But Surrey Councillor Brenda Locke disagrees with Huberman that spending on the new SkyTrain line will leave other Surrey transit projects in the dust.
“I don’t share that concern,” Locke told the Now-Leader on Monday. “We’ve had dialogue with TransLink that is absolutely talking about the Newton King George corridor and the 104th corridor – that’s a priority for us, as is South Surrey. Yes, the SkyTrain is one issue but actually the other routes are probably equally or more elevated in importance to us.”
Locke noted the SkyTrain expansion “is the one everybody is talking about, but the ones that are here and on the ground today are of equal or greater importance to us right now.”
So there’s not a dearth in available funding, then?
“I think they’re two completely different pots of money,” Locke said. “The SkyTrain is a major federal and provincial investment as the other ones are all part of the network plan and TransLink is always managing those on their own.”
TransLink’s overview on Friday was divided into three parts.
Jeff Busby, TransLink’s project director for the Surrey-Langley SkyTrain proposal, said that since TransLink doesn’t have the $3.12 billion in funding, staff looked at building the project in stages.
Running SkyTrain from the King George Station in Whalley to 166th Street in Fleetwood would involve a capital cost of $1.63 billion for seven kilometres of track, four stations and 25 cars, and a $17 million price tag annually for operating and maintenance costs.
“Even this shorter extension is a very effective project, less that 10 minutes from Fleetwood to Surrey centre and opens that part of Surrey to the rest of the transportation network,” said Busby, adding that if the project is approved within TransLink’s anticipated timeline, it could open to the public by the end of 2025.
For Councillor Linda Annis, spending $1.63 billion for seven kilometres of SkyTrain “really doesn’t seem like a good idea, particularly when a good piece of that goes through the Green Timbers area where there’s little or no residential.
“I would totally agree that we need to be spending our transit money much more wisely and looking at Surrey as a whole,” Annis told the Now-Leader. “So much of Surrey is underserved by transit at the present time and to spend that kind of money for such a small return, I don’t think is a good idea.”
The capital cost to expanding the line from King George to Clayton is estimated to cost $2.22 billion, featuring 11 kilometres of track, five stations and 35 cars with $20.4 million annually in operating and maintenance costs.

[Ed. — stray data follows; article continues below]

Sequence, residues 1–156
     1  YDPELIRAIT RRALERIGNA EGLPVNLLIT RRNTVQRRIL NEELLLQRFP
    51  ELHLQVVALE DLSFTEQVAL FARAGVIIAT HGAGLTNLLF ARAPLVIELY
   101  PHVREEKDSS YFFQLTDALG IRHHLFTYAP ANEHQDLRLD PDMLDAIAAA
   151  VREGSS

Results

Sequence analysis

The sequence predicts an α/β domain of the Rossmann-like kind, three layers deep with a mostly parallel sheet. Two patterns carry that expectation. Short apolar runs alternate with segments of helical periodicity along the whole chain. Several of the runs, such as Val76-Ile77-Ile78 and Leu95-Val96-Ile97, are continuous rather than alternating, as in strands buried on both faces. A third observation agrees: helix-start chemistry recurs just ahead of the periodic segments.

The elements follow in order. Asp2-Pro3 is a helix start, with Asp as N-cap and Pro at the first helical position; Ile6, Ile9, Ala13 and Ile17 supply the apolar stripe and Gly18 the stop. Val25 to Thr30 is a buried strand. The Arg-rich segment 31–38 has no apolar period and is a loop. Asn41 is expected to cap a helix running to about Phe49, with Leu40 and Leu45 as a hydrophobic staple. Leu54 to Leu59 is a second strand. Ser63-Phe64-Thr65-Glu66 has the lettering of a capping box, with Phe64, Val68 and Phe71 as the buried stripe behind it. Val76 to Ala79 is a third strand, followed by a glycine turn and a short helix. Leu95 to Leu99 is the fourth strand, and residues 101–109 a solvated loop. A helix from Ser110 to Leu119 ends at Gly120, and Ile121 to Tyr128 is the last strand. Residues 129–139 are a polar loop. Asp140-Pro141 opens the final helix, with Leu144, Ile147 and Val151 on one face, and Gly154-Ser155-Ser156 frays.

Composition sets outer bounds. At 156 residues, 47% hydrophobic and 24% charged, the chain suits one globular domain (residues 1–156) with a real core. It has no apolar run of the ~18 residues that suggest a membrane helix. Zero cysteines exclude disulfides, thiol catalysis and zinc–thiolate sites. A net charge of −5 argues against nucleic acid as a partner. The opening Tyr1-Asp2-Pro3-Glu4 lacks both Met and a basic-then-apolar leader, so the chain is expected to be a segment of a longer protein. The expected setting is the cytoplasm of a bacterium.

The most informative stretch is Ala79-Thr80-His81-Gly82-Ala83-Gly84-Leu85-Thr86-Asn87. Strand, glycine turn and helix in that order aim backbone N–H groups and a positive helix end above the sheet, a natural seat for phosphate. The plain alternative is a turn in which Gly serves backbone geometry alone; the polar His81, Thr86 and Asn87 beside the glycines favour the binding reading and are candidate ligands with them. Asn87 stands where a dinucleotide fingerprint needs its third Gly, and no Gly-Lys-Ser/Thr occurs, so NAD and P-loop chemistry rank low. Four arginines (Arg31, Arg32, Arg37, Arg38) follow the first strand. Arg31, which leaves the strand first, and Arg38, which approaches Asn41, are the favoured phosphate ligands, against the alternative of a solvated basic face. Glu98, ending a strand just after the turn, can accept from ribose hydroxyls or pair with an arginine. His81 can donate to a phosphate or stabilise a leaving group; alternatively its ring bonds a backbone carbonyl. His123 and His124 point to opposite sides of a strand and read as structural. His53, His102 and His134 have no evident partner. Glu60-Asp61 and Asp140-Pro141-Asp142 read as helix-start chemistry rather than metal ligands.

Busby said this would cross the Serpentine valley, “which is actually one of the more technically challenging portions of the project.”
The big one – running the line from King George to Langley – came in at $3.12 billion for 16 kilometres, eight stations and 55 cars with the annual operating and maintenance cost reckoned to be $32.4 million.
The proposed Surrey to Langley SkyTrain extension would run along Fraser Highway through to 203rd Street in downtown Langley.
A trip to Langley from Surrey would take around 22 minutes.
Ridership to Langley from King George station, according to TransLink, is expected to be 62,000 in 2035 and hit 71,000 by 2050.
During Friday’s meeting, TransLink released the proposed SkyTrain station locations, which would be located at 140th Street, 152nd Street, 160th Street, 166th Street, 184th Street, 190th Street, 196th Street and 203rd Street.
Busby said an environmental screening review will “consider a range of potential impacts of the project on the natural and human environment.”
He also said the SkyTrain line would be “entirely” elevated. He said staff looked at cost-saving measures, such as running the route at-grade, but it posed “significant” environmental impacts.
“One of the advantages of the elevated SkyTrain is that it can keep the footprint of the rapid transit to a minimum, especially compared to transit alternatives that would be running at grade,” said Busby, highlighting the Green Timbers Urban Forest and the Serpentine valley which is in the agricultural land reserve and is subject to flooding due to its low elevation.